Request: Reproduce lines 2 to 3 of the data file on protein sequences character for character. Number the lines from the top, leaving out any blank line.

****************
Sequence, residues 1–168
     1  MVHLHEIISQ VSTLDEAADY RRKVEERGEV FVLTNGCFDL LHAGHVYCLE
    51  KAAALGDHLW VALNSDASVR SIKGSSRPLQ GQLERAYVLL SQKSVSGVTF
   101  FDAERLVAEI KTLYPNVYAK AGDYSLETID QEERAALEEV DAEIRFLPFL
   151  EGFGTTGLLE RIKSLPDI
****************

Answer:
     1  MVHLHEIISQ VSTLDEAADY RRKVEERGEV FVLTNGCFDL LHAGHVYCLE
    51  KAAALGDHLW VALNSDASVR SIKGSSRPLQ GQLERAYVLL SQKSVSGVTF